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Pharmaceutical Name: Fulvestrant
Drug Classification: Estrogen Receptor Antagonist/Estrogen Receptor Down-Regulator
Active Life: approximately four to five weeks

Fulvestrant is a selective estrogen receptor antagonist, or estrogen receptor down-regulator. It is able to eliminate the action of estrogen in the body by blocking the available estrogen receptors. So therefore unlike aromatase inhibitors it does not prevent aromatization, but rather limits the activity of the estrogen after it is created (1). As with most aromatase inhibitors and selective estrogen receptor modulators the primary use of fulvestrant is in the treatment of estrogen-dependent breast cancer. This is still what it is predominantly used for medically now.

Fulvestrant is also quite different in its effects than selective estrogen receptor modulators in that it does not seemingly only target receptors in specific tissues but rather receptors located throughout most of the body. This would indicate that it should have an effect on a plethora of estrogenic side effects in the body, unlike selective estrogen receptor modulators such as tamoxifen citrate which only effect certain tissues. Also unlike selective estrogen receptor modulators fulvestrant has no agonist properties. This means that the drug does not exhibit any estrogenic-like activity in some of the tissues of the body. This would have to be seen as a drawback of the compound as there is some research that indicates the estrogen-like activity of such compounds as tamoxifen citrate or clomiphene citrate have positive effects in the body such as increasing HDL cholesterol in users (although this is a somewhat controversial assertion). This would also seemingly limit it's use during post-cycle therapy as it will have little effect in raising the natural testosterone levels in users, although no research has indicated this in the positive or negative.

It has also been demonstrated that fulvestrant can down-regulate progesterone receptor concentrations (2). This means that along with being able to help decrease the estrogenic effects related to anabolic steroid use, it can also be used in decreasing the activity of progestin, a cause for concern when using certain compounds.

Use/Dosing of Faslodex

Fulvestrant is administered using intramuscular injections. For the most part the full effects of the drug can be achieved using 250 milligrams per injection. Due to the active life of the compound these injections only have to be administered approximately once every four to five weeks. This is obviously a benefit when compared to the frequent dosing schedule that is required with aromatase inhibitors or selective estrogen receptor modulators.

At doses of 250 milligrams per month it has been shown that fulvestrant is just as effective as one milligram per day of anastrozole (3) or 2.5 milligrams per day of letrozole (4) at reducing estrogen in the body. It has also been demonstrated in clinical research that fulvestrant can be effective in the treatment of some estrogen-dependent breast cancers where tamoxifen citrate has failed (4, 5). This should indicate how powerful the compound truly is.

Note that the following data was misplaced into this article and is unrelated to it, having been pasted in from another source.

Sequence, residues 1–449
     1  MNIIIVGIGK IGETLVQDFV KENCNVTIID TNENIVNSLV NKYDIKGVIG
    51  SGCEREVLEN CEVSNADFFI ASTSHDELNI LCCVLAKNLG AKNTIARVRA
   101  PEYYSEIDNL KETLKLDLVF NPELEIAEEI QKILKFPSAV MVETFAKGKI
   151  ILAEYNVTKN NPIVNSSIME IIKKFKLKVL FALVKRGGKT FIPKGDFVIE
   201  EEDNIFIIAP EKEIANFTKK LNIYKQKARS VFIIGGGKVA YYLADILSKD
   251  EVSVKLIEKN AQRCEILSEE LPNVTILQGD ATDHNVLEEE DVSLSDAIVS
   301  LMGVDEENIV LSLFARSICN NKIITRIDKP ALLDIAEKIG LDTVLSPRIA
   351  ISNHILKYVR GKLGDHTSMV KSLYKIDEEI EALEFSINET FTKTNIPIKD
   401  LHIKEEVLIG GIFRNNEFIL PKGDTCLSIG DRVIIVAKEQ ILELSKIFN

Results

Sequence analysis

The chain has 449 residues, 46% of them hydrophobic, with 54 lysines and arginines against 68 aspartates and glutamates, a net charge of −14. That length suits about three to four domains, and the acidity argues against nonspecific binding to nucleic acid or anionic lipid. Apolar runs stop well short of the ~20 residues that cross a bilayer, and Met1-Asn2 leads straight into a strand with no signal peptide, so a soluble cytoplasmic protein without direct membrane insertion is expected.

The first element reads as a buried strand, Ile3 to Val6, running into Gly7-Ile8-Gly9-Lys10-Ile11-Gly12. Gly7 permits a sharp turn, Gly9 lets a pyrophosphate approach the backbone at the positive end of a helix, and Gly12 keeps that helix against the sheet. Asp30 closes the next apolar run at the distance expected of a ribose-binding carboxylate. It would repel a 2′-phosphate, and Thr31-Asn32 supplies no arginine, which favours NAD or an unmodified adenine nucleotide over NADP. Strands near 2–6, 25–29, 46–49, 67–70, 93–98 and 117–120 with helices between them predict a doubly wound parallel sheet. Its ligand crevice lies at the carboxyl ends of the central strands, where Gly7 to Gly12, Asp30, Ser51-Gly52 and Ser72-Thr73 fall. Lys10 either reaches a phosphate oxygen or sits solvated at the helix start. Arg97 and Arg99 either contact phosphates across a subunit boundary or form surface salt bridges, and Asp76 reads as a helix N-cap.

b>Risks/Side Effects of Faslodex

As is the case with most aromatase inhibitors, by effecting the action of estrogen is nearly all of the tissues of the body fulvestrant can have a negative effect on a user�s immune system in general and specifically, users will no doubt notice a detrimental effect on both their HDL and LDL cholesterol levels with this drug. So while it is true that fulvestrant does not eliminate estrogen from the body, or eliminate aromatization, it is true that it in fact stops most of its effects in the body, both positive and negative.

It is also true that this elimination of the estrogenic action in the body could lower a user�s libido, as is the case with some aromatase inhibitors. This obviously brings up a negative aspect of the extremelylong active life of the compound. If one begins to experience any of the possible negative side effects associated with fulvestrant a user will not be able to adjust their dosages or cease administering the compound until it clears their system. This can take weeks depending at what time the last injection was done. Obviously this is something that should be taken into consideration when determining whether or not to use this compound.


1. Cheung KL, Robertson JF. Fulvestrant. Expert Opin Investig Drugs 2002 Feb; 11(2):303-8

2. Johnston S, Fulvestrant and the sequential endocrine cascade for advanced breast cancer. Br J Cancer. 2004 Mar;90 Suppl 1:S15-8

3. McKeage K, Curran MP, Plosker GL. Fulvestrant: a review of its use in hormone receptor-positive metastatic breast cancer in postmenopausal women with disease progression following antiestrogen therapy. Drugs. 2004;64(6):633-48

4. Bundred NJ, Anderson E, Nicholson RI, Dowsett M, Dixon M, Robertson JF. Fulvestrant, an estrogen receptor downregulator, reduces cell turnover index more effectively than tamoxifen. Anticancer Res. 2002 Jul-Aug;22(4):2317-9

5. Howell A, Robertson JFR, Quaresma Albano J, Aschermannova A, et al. Fulvestrant, Formerly ICI 182, 780, Is as Effective as Anastrozole in Postmenopausal Women with Advanced Breast Cancer Progressing After Prior Endocrine Treatment. J Clin Oncol. 2002; 1:57

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